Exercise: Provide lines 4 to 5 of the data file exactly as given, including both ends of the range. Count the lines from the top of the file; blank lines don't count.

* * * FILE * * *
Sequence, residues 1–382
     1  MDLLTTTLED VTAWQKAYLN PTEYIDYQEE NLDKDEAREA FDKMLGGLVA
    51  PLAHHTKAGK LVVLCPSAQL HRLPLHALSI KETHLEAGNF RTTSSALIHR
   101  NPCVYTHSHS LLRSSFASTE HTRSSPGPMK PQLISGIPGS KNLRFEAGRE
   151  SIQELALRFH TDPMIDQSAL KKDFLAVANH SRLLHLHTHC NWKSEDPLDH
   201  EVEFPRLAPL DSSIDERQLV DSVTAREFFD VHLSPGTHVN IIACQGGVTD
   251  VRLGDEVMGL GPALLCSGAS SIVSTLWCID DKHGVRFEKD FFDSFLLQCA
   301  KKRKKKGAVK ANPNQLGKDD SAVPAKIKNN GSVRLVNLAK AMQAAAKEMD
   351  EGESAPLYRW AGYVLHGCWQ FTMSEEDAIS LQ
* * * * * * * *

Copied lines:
   101  NPCVYTHSHS LLRSSFASTE HTRSSPGPMK PQLISGIPGS KNLRFEAGRE
   151  SIQELALRFH TDPMIDQSAL KKDFLAVANH SRLLHLHTHC NWKSEDPLDH